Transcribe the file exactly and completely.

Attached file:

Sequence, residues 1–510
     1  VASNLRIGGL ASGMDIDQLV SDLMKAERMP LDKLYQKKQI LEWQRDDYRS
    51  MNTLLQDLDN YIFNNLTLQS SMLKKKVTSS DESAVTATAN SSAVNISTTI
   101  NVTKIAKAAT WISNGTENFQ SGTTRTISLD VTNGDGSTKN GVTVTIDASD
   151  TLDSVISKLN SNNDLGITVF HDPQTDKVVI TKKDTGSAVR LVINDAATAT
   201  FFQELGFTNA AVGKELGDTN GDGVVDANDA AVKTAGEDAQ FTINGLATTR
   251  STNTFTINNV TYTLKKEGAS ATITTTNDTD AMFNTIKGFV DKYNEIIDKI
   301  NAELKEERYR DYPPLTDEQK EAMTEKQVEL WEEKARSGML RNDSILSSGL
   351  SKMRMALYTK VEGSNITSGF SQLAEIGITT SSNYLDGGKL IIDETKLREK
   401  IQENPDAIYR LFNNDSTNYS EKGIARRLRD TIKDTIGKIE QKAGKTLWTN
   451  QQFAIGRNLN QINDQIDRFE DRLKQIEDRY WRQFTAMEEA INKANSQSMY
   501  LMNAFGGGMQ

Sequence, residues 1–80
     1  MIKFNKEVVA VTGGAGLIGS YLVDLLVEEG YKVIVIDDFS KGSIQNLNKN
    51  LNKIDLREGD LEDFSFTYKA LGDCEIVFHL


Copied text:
Sequence, residues 1–510
     1  VASNLRIGGL ASGMDIDQLV SDLMKAERMP LDKLYQKKQI LEWQRDDYRS
    51  MNTLLQDLDN YIFNNLTLQS SMLKKKVTSS DESAVTATAN SSAVNISTTI
   101  NVTKIAKAAT WISNGTENFQ SGTTRTISLD VTNGDGSTKN GVTVTIDASD
   151  TLDSVISKLN SNNDLGITVF HDPQTDKVVI TKKDTGSAVR LVINDAATAT
   201  FFQELGFTNA AVGKELGDTN GDGVVDANDA AVKTAGEDAQ FTINGLATTR
   251  STNTFTINNV TYTLKKEGAS ATITTTNDTD AMFNTIKGFV DKYNEIIDKI
   301  NAELKEERYR DYPPLTDEQK EAMTEKQVEL WEEKARSGML RNDSILSSGL
   351  SKMRMALYTK VEGSNITSGF SQLAEIGITT SSNYLDGGKL IIDETKLREK
   401  IQENPDAIYR LFNNDSTNYS EKGIARRLRD TIKDTIGKIE QKAGKTLWTN
   451  QQFAIGRNLN QINDQIDRFE DRLKQIEDRY WRQFTAMEEA INKANSQSMY
   501  LMNAFGGGMQ

Sequence, residues 1–80
     1  MIKFNKEVVA VTGGAGLIGS YLVDLLVEEG YKVIVIDDFS KGSIQNLNKN
    51  LNKIDLREGD LEDFSFTYKA LGDCEIVFHL